The area including Market Mall, University District Alberta Children's Hospital, Foothills Medical Centre, University of Calgary, the new Cancer Centre, the new Stadium development, and perhaps Motel Village, may be served well by transit at its periphery, but getting from one of those aforementioned places to another of the same is not easy, nor fast. But if this entire area were served by autonomous cars, it would be a breeze to get around.

On the map, the red asterisks indicate where major developments will be happening and the blue area would be well served by autonomous cars.

'tis but a scratch

Things I learned lately - 6 Nov

  • Morocco is building a solar farm that will eventually produce half of the country's electricity.
  • The Large Hadron Collider is a ring tunnel 17 miles (27km) around. The particles are being driven so fast around this ring, that they complete the circle 11,000 times. In one second.
  • A 70kg person would need to drink 70 cups of coffee to risk dying from too much caffeine.
  • The Canadian Extreme Wrestling Party is a real thing. They never registered as a political party, yet, but they do have a leader.
  • Print to PDF is natively available in Windows 10. Anything that can print can also be converted to a PDF.
  • Mercurochrome, or Merbromin, or dibromohydroxymercurifluorescein, was a common antiseptic used to treat minor cuts and scrapes. Because it contains mercury, the US banned it in 1998. Germany and France halted sales in the 2000s. It is still readily available elsewhere.
  • Jell-O has been around since 1897.
  • The first Twinkies were filled with banana cream, but once the banana rationing of World War II started, they switched to vanilla cream.
  • Oreos have been around since 1912.
  • The modern pretzel’s predecessor was first made in the 6th century by an Italian monk, who used it to reward young church attendees. The word pretzel is from the Latin word pretzola, which loosely translates to little reward.

Saturday, October 31, 2015

Coal burners

I wish people would stop labelling electric cars as 'coal burners'. Yes, we are quite aware that some jurisdictions get their electricity from coal. But our dryers, air conditioners, fans, ovens, stoves, TVs, and computers are all coal burners in this context as well. Nobody is decrying the use of coal burning computers or big screen televisions.

Also, I would venture that there is a much smaller environmental footprint burning coal with scrubbers than extracting oil out of the ground, or worse, mining it in the case of oil sands, or fracking it by injecting who knows what into the ground. Never mind moving the oil by rail or pipeline to a refinery and turning it into gasoline, which then needs to be delivered everywhere, while all along risking spills and other environmental disasters like leaking underground gasoline storage tanks. I have yet to read about any electricity spills en route to my house.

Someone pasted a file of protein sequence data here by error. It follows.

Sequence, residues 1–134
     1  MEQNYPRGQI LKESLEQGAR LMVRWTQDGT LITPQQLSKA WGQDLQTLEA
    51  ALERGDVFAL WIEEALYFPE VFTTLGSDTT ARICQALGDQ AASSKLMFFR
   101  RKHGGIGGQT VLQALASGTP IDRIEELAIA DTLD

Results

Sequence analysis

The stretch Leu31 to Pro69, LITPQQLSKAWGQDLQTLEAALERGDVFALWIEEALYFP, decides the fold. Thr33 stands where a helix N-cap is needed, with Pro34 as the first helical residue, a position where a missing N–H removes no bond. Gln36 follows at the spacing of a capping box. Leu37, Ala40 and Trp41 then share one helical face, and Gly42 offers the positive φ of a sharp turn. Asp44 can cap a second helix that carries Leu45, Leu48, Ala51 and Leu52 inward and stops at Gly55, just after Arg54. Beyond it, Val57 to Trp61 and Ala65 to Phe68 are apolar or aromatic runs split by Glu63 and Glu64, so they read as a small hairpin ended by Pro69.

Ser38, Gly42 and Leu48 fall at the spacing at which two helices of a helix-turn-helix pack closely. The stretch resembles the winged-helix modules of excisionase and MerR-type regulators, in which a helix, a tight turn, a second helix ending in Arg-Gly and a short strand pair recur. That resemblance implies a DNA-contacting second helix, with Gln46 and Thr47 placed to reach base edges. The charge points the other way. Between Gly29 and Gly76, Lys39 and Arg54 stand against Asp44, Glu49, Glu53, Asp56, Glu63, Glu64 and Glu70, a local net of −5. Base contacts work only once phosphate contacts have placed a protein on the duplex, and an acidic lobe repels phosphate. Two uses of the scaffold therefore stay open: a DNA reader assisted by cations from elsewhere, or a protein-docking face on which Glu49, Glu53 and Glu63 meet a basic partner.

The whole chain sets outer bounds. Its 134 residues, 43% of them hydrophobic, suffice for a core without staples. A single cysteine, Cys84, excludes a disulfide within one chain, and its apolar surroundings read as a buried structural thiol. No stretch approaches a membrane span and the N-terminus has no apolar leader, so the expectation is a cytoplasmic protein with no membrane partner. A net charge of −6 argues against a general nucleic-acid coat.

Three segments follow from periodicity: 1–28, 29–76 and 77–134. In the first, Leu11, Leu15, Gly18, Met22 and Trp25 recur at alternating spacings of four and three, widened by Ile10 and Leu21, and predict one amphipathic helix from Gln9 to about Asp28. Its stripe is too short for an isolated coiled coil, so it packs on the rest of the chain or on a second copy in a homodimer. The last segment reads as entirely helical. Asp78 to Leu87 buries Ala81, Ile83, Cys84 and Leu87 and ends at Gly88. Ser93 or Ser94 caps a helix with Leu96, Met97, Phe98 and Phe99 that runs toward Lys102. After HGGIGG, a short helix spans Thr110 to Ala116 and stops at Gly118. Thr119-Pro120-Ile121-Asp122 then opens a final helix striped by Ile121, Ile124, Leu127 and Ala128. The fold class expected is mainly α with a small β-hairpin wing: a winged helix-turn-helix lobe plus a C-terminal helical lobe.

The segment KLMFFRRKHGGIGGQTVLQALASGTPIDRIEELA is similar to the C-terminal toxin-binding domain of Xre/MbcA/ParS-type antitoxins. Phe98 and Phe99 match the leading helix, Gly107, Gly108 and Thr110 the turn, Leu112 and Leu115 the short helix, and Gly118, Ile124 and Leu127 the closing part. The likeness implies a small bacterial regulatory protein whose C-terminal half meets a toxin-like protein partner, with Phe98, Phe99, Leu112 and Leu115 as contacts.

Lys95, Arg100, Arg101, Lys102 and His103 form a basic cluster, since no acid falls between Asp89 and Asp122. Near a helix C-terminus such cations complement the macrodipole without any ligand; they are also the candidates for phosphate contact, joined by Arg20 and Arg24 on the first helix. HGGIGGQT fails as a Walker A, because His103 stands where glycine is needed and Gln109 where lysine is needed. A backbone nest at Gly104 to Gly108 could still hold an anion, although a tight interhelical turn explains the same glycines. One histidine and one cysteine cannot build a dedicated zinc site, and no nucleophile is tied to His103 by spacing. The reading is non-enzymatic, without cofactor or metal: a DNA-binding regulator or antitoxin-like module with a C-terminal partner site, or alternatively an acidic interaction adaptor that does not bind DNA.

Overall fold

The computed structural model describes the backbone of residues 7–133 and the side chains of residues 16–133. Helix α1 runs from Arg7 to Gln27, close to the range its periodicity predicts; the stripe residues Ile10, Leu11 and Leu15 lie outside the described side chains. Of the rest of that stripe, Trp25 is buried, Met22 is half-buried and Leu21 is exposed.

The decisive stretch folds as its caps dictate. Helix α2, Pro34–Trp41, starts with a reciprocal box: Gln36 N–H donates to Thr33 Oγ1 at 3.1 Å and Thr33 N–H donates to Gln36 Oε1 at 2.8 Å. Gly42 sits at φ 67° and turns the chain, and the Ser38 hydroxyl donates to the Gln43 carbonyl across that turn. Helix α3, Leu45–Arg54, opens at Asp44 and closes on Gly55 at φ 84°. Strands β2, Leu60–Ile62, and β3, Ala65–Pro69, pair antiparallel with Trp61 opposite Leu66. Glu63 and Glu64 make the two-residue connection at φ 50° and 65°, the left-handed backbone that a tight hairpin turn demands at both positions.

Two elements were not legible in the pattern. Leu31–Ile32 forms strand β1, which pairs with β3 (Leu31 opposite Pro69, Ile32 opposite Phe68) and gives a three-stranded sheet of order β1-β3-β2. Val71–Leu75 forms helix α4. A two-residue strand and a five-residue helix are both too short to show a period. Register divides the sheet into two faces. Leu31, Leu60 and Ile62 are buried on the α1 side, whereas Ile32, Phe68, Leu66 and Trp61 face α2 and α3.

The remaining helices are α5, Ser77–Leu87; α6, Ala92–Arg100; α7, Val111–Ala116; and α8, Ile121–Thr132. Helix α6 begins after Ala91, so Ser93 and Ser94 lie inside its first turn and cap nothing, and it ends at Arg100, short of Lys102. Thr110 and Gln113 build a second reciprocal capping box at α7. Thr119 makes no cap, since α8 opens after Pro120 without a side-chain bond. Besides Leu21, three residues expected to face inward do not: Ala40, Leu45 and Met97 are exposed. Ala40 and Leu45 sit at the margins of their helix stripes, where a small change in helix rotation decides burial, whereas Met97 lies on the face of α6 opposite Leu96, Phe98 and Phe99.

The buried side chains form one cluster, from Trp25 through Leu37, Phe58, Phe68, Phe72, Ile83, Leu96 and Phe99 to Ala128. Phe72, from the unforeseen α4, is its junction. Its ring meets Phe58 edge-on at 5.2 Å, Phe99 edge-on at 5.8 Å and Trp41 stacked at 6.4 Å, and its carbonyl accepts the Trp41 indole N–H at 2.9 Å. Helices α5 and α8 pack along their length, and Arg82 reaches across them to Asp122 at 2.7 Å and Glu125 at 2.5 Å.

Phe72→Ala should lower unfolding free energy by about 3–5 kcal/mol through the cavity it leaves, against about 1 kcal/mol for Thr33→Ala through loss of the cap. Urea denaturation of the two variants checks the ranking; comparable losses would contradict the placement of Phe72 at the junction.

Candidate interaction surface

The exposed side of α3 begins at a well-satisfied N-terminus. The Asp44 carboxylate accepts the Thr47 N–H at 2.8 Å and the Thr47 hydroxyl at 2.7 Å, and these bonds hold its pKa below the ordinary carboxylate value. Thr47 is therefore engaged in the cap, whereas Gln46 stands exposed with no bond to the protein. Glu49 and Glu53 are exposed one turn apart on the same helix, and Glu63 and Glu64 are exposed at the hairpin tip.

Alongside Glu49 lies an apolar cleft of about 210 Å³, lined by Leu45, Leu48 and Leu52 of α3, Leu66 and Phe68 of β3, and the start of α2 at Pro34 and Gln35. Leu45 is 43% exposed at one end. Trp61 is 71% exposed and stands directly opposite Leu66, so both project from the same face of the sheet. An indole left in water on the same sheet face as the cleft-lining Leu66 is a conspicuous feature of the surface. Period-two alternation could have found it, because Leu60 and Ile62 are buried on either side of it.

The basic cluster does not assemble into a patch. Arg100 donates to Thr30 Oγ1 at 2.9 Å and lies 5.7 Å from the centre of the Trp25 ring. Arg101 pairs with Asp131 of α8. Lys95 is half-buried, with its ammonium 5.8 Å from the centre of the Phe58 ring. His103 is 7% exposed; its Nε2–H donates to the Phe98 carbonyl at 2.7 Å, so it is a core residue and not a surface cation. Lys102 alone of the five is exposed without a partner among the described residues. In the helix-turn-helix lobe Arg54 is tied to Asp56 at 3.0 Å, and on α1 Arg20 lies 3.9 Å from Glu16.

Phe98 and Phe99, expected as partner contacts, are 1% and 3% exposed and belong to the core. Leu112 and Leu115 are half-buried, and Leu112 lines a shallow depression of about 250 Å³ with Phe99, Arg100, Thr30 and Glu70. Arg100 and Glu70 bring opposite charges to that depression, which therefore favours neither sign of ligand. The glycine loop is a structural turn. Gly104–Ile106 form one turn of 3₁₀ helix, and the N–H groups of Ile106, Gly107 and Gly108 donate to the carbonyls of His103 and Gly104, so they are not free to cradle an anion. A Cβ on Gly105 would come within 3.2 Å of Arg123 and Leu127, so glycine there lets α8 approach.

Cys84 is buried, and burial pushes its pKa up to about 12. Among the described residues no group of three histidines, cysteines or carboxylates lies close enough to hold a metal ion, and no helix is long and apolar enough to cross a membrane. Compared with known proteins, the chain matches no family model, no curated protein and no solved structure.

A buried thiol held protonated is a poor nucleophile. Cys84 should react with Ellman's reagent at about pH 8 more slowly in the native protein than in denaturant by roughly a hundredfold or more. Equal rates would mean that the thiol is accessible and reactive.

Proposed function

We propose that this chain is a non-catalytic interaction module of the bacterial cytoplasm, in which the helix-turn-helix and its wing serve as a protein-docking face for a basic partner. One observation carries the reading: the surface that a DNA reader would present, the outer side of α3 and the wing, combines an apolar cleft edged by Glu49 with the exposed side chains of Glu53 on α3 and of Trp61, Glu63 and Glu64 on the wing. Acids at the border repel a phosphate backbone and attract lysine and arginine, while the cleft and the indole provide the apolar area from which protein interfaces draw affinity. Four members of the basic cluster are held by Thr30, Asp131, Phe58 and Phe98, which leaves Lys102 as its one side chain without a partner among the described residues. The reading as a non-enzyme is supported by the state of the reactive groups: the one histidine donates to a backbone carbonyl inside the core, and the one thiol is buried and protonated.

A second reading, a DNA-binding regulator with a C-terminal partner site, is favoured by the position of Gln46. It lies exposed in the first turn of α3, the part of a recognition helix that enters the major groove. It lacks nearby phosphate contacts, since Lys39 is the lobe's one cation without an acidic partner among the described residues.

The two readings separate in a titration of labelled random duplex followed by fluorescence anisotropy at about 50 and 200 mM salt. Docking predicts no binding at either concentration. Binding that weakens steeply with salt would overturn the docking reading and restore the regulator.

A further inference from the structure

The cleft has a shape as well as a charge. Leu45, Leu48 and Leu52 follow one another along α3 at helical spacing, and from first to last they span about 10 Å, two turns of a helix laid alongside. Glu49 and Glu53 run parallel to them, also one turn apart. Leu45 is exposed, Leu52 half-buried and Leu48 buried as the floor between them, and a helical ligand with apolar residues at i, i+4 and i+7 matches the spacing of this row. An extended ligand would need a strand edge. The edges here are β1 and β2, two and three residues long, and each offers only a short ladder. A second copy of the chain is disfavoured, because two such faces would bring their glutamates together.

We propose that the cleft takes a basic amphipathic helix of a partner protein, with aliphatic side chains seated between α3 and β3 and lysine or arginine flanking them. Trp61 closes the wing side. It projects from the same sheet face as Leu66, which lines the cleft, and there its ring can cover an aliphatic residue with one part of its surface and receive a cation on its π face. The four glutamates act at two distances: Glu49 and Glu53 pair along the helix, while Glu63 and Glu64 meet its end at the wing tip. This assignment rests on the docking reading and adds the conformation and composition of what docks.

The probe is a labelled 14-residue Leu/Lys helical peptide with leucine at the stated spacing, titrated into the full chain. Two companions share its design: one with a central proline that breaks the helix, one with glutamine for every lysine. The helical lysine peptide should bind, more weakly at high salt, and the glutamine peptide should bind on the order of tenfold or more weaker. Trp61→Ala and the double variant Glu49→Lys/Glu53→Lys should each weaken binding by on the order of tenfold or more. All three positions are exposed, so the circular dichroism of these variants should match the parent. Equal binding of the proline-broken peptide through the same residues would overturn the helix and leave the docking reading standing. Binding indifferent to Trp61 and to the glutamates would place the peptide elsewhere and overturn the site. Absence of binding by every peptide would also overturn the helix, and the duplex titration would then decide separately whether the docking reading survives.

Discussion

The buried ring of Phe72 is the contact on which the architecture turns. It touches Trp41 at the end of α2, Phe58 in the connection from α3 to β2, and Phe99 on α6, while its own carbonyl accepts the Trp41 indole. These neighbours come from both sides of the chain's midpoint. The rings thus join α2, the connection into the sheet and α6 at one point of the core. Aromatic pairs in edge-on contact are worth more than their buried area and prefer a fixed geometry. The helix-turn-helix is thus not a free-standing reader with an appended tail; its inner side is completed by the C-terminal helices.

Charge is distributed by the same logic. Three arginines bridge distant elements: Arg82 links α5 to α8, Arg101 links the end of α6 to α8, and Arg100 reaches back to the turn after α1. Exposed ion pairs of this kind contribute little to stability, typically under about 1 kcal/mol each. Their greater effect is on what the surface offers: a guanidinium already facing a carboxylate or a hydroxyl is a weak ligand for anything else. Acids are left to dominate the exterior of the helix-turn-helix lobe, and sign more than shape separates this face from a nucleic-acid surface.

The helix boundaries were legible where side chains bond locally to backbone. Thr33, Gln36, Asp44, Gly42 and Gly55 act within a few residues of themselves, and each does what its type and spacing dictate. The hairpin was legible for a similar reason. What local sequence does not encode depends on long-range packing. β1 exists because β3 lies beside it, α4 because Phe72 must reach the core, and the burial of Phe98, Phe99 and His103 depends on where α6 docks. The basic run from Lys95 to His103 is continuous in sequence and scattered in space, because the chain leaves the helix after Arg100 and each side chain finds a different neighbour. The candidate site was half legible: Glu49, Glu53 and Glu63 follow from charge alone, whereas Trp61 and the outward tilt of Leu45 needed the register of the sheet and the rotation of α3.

"Are you feeling tired, irritable, stressed out?"

It's the only prescription without side-effects!

Seen in Kensington area of Calgary

Things I learned lately - 31 Oct

  • Some cable channels in the US are artificially speeding up syndicated TV shows to fit in an extra 2-3 minutes of commercials. In some cases, they're even cutting out whole scenes to fit more ads. Little do they realize this will just motivate more people to switch to streaming services.
  • Since 2010, 236 Calgary citizens have been trained in hobby beekeeping, bringing over 400 hives into the city. Even the Municipal Building has 2 hives in the rooftop garden.
  • Calgary has the highest per capita number of self employed workers in Canada.
  • 48% of Albertans would struggle with meeting financial obligations if their pay was delayed by one week.
  • Con Edison operates the world's largest network of steam pipes, in New York City. The system started with 350 customers back in the late 1800s. At its peak in the 1920s and 1930s, the pipes had 2,500 customers across more than 100,000 commercial and residential buildings. Today, the network runs 105 miles, delivering steam to nearly 2,000 buildings throughout the city.
  • The Trans Canada Highway still has more kilometres of two lane (one lane in each direction) highway between Kamloops and the Alberta border than there is through all of Alberta, Saskatchewan and Manitoba combined.
  • Madrid and Oslo have, or are in the process of, banning all cars from their city centres.
  • It is possible to get sick from frozen food cooked in the microwave when not waiting for the 'standing time' to elapse. That's because the standing time is part of the cooking process and allows the heat to finish killing any bacteria. Food should reach 165F (74C) to be safe enough to eat.
  • The baby carrots you buy in a typical grocery store (no skin, no stems) are just cut and shaped big carrots.
  • Kellogg's Corn Flakes were invented by Dr. Kellogg in hopes that they would reduce masturbation. He believed corn was one thing that could curb it.
  • Kashi is owned by Kellogg's.

Saturday, October 24, 2015


Responding to negativity

One of the things that has always fascinated me about people is negativity. It's a mindset that not only sets the mood for people around you, but it tends to foster more of the same. It's one thing to say you're going to avoid negative people or people who have something negative to say, but that doesn't really solve anything.

One thing you can do is show empathy, then change the subject to something positive. "I'm sorry to hear that. Did anything good come of this?" If the answer is no, completely change the subject. The idea is not to dwell or add fuel to the fire.

Find a strength in the story and remind them how impressive it is that they kept their head. This just focuses on the positive of the situation.